Gastrodia from the Greek 'gastrodes' meaning pot-bellied, referring to the swollen, sometimes bulbous flower. Procera from the Latin 'procerus' meaning high or tall, referring to the tall, erect flower spike.
Distribution and status
Found near Mount Gambier in South Australia, growing in areas of high rainfall in wet sclerophyll forests, dry sclerophyll forests, woodlands and riparian areas. Also found in New South Wales, Victoria and Tasmania. Native. Very rare in South Australia. Common in the other states.
Herbarium region: South Eastern
NRM region: South East
AVH map: SA distribution map (external link)
Annual terrestrial orchid growing to 120 cm tall with up to 70 crowded flowers. These epiparasitic herb are leafless but have scale like bracts along the dark brown stem. Flowers are scented, bell-shaped, erect at first, then drooping, cinnamon-brown with white tips to 20 mm long, exterior surface often very rough. Flowering between November and December with peak flowering time 3–4 weeks later than G. sesamoides if growing together. Fruits are brown papery ellipsoid capsule. Seeds are very small yellow ovoid seed with a translucent clear mesh-like covering.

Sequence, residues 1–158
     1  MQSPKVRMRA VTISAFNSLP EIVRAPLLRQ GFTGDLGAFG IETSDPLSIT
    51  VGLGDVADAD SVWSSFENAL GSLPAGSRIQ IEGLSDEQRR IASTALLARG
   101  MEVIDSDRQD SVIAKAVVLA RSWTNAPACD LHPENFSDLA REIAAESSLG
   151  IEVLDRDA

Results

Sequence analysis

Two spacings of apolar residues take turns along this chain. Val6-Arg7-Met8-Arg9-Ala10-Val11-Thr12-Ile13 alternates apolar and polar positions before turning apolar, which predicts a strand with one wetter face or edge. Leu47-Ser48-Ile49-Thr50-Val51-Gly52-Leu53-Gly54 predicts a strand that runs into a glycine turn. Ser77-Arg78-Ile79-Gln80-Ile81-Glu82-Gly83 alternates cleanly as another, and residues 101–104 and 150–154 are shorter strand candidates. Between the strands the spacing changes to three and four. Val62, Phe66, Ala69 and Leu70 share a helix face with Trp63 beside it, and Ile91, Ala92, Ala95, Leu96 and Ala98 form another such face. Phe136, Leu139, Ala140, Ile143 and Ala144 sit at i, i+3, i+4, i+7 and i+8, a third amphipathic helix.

Seed collection and propagation
Collect seeds between December and February. Collect fat capsules as they start to dry and turn brown. Pods will split and release the seeds quickly and will require monitoring. To increase the chances of collecting mature pods, it is recommended that a small breathable bag (ie. Organza bags) be used to enclose the developing capsules. Place the capsules in a container that will hold fine seeds and leave to dry for a few weeks or until the capsule split. Then carefully hold the capsule and tap it gently to release the seeds. Store the seeds with a desiccant such as dried silica beads or dry rice, in an air tight container in a cool and dry place, refrigerator or in liquid nitrogen. For the NVC South East Orchid Project one population consisting of more than 14 individuals in total was recorded from Telford Conservation Park. Approximately 5,050,000 seeds (1.18 g) were banked from this population. Seed viability from four collections made ranged from 50% to 78%. More research is needed to understand the seed germination requirements of Gastrodia species.
|No. of seeds
|4,890,000 (1.162 g)
|160,000 (0.016 g)